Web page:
What do we mean by ‘open’?

In this blog post I want to think about what makes a MOOC open, and what openness means in this context. I’m taking as my starting point Marshall’s observation that  MOOCs “have been positioned as providing a means of addressing disparities in access to higher education for disadvantaged students, nationally and internationally” (Marshall, 2014, p. 254). This certainly aligns with my initial understanding of what ‘open’ implied, and yet I’ve come to consider it a fairly problematic understanding of the term.

You keep using that word. I do not think it means what you think it means.

Early rhetoric about MOOCs, particularly in the media but also in some scholarship, occasionally focused on their capacity to fundamentally democratise higher education (cf. Koller, 2013). Here openness is availability and freeness: anyone can participate, there are no access restrictions. We do seem to have moved on from this triumphalism to a more realistic understanding that MOOCs can potentially and theoretically broaden access to higher education. They’re more open, if not actually open.

And that reservation is I think because of the understanding that to participate in a MOOC you still need material access to a computer. You still need to benefit from the physical infrastructure, and the social infrastructure, and I’d say most importantly of all: you need the relevant digital skills. And yet, according to the ONS, in 2016 11% of households in the UK did not have an internet connection. Of that 11%, 21% reported that this was due to a lack of skills. “Nearly half of pensioners still hav[e] no internet access at all”, reports the ONS. For me, this fundamentally undermines any assessment of the first ‘O’ meaning ‘availability’.

There’s also plenty of research to back up assertions about the link between socio-economic status and MOOC participation. Hansen and Reich (2015), for example, looked at 68 Harvard and MIT EdX courses run between 2013 and 2015, and examined the socio-economic status of about 15% of the million or so sign-ups. They found that on average participants were significantly more affluent, not just than the national average, but of their neighbourhoods. They have higher average levels of educational attainment. Overall, not only were people with higher socio-economic statuses likely to participate in MOOCs, but they were more likely to complete them.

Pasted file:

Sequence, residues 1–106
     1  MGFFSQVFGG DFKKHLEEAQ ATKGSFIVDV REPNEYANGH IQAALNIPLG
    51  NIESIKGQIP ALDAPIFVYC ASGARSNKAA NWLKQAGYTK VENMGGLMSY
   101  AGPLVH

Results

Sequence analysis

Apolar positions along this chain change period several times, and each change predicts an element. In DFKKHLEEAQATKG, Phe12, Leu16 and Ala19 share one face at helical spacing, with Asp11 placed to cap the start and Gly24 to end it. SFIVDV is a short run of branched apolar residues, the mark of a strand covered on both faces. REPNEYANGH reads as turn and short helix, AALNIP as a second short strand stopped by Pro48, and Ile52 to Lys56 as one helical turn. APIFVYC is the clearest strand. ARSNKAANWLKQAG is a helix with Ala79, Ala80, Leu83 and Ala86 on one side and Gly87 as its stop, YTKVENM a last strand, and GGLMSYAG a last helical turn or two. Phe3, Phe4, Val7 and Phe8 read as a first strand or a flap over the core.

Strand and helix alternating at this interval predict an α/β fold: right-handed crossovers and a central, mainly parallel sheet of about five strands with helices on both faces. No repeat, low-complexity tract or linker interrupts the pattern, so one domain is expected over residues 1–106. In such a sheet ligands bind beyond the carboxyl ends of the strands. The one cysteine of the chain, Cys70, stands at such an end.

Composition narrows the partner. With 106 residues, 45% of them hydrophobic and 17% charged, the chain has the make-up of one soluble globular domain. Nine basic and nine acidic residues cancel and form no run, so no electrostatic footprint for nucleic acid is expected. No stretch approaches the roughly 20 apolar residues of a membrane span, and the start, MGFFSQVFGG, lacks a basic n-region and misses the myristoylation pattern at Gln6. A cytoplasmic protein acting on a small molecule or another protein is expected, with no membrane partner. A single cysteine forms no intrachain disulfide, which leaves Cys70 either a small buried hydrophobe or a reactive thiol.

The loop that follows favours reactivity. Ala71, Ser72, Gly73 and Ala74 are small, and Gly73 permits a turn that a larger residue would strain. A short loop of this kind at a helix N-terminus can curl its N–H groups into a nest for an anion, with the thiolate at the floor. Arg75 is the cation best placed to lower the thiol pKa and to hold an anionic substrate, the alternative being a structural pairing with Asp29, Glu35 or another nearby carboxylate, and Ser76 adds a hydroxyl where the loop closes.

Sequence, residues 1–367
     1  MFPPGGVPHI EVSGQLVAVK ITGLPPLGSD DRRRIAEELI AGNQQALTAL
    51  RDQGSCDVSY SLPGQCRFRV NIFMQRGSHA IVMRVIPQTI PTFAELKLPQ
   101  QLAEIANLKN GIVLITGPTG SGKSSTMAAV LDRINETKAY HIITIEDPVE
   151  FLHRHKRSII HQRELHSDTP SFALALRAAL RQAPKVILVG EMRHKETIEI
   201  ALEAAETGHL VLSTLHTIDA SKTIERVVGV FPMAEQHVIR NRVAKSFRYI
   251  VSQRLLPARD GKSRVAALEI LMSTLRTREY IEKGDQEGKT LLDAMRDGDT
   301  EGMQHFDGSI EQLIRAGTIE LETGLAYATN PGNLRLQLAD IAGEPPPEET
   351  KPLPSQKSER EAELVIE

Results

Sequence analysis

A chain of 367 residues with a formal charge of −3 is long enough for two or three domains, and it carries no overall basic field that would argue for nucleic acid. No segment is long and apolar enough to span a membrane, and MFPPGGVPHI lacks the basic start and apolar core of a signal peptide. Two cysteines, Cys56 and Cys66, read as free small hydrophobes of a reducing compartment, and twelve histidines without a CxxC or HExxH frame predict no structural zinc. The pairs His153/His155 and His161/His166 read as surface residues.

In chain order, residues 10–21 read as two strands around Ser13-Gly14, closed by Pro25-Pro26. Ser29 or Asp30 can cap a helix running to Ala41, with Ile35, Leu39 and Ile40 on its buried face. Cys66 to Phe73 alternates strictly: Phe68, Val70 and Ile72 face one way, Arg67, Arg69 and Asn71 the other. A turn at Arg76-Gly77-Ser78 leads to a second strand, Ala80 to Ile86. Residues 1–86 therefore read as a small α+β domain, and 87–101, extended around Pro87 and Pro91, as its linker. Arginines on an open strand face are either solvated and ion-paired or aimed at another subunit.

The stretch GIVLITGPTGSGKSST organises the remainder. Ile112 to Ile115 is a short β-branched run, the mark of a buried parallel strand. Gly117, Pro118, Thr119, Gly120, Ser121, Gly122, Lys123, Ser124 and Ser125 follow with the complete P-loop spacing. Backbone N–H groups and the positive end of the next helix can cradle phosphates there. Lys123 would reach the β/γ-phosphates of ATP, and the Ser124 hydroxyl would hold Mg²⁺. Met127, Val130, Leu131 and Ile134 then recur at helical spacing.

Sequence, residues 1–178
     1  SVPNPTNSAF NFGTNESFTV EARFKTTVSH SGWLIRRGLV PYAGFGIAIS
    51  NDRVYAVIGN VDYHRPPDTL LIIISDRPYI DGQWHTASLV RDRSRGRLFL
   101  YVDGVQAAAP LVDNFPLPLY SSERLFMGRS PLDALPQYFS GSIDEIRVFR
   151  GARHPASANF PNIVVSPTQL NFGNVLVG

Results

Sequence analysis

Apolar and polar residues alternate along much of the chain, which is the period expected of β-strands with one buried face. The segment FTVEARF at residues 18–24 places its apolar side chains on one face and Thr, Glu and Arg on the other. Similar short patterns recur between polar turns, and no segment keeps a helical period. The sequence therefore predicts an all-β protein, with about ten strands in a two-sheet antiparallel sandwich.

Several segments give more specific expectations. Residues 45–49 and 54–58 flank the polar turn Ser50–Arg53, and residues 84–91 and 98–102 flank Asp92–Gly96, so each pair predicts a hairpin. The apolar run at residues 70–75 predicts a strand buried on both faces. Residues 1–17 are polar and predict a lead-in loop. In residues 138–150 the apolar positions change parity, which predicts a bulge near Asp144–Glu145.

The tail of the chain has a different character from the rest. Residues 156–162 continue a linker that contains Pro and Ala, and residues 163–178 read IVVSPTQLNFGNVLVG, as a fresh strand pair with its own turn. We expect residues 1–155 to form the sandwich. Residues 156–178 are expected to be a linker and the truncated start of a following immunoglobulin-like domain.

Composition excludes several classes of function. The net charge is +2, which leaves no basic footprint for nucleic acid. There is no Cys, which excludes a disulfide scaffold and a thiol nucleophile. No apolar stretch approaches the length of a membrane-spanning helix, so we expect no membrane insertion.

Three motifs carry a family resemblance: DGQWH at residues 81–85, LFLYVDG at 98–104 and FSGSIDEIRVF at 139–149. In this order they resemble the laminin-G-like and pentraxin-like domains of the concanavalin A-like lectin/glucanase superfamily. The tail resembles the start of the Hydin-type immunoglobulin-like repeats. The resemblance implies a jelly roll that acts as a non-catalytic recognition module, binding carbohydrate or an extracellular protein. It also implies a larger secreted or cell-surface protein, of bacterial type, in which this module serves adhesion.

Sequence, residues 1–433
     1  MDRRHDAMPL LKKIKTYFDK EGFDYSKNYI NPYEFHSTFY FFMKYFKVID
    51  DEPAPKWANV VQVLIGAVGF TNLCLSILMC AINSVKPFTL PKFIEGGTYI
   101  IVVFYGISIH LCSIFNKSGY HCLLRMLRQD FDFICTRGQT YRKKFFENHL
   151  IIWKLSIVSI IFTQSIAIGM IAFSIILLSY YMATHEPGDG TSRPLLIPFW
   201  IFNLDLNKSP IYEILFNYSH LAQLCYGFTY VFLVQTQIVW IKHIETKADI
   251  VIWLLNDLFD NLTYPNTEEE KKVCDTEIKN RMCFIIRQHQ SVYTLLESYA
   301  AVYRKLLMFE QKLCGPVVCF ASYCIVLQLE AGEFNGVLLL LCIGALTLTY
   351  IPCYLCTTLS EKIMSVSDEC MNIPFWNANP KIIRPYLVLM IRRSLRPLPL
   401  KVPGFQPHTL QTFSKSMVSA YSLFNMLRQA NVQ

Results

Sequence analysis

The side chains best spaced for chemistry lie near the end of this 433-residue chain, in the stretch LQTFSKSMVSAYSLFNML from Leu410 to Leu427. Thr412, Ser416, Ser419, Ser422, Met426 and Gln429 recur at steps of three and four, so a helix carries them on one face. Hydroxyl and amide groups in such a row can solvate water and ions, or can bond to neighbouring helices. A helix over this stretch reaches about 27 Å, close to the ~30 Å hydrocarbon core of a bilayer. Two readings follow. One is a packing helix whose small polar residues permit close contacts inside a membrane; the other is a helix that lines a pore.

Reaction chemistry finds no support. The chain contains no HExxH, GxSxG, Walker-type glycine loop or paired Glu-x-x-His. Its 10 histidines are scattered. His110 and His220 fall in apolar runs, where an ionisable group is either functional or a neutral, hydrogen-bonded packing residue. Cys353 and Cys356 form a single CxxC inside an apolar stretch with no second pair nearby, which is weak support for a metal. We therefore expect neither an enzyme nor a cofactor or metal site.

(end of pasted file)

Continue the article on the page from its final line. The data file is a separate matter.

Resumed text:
So what are the alternative meanings?

Rodriguez (2013) tries to describe how MOOCs are ‘open’ in lots of ways all at once. The c-MOOCs, he says, are open because they allow for ‘all degrees of involvement’, because ‘everyone who wishes to participate can do so’; x-MOOCs are less open because ‘the course materials are made available under a custom copyright license’. There’s a sense here that openness is defined as a lack of, or a dismissal of, the rules and norms that usually govern the way higher education is coordinated and conducted. There’s an indication of openness as a sort of difference, even of anarchy.  Similarly, Alraimi et al. (2015) identify openness in terms of being ‘less like traditional higher education’ and ‘more like everyday life’.

Stewart (2015) implicitly connects openness to her discussions of scale and massiveness. Openness here is understood in the sense of being public, or out in the open (p. 232). MOOCs are open in the sense that they’re not ‘closed’, not private. This to me aligns far more with understandings of openness from a research standpoint – open access, for example.

I’m starting to reach the conclusion, then, that openness just means all of these things. And more. That it’s shorthand for ideals like visibility, accessibility, flexibility, freedom, choice. But I wonder how open a MOOC – especially one hosted by a commercial, for profit company like Coursera or Udacity – can truly be, and whether openness is in fact nothing more than a chimera.


Alraimi, K. M., Zo, H., & Ciganek, A. P. (2015). Understanding the MOOCs continuance: The role of openness and reputation. Computers & Education, 80, 28–38. https://doi.org/10.1016/j.compedu.2014.08.006
Hansen, J. D., & Reich, J. (2015). Democratizing education? Examining access and usage patterns in massive open online courses. Science, 350(6265), 1245–1248.
Koller, D. (n.d.). MOOCs can be a Significant Factor in Opening Doors to Opportunity. Retrieved 25 February 2017, from https://www.edsurge.com/news/2013-12-31-daphne-koller-moocs-can-be-a-significant-factor-in-opening-doors-to-opportunity
Marshall, S. (2014). Exploring the ethical implications of MOOCs. Distance Education, 35(2), 250–262. https://doi.org/10.1080/01587919.2014.917706
Office for National Statistics. (n.d.). Internet access – households and individuals. Retrieved 25 February 2017, from https://www.ons.gov.uk/peoplepopulationandcommunity/householdcharacteristics/homeinternetandsocialmediausage/bulletins/internetaccesshouseholdsandindividuals/2016#main-points
Rodriguez, O. (2013). The concept of openness behind c and x-MOOCs (Massive Open Online Courses). Open Praxis, 5(1). https://doi.org/10.5944/openpraxis.5.1.42
Stewart, B. (2013). Massiveness+ openness= new literacies of participation? Journal of Online Learning and Teaching, 9(2), 228.

Islands in the Lifestream – Week 4 summary

The anthropologist, Nancy Fried Foster, gave a presentation a couple of years ago to a small group at my institution. She talked about a variety of things but, as a manager, one of the things that stuck with me the most was about helping people cope with change. Her key message was that you need to allow and acknowledge a period of mourning. This pretty much reflects the main theme of my lifestream this week: a definite absence of content, ensuing from the transition from cybercultures to community cultures.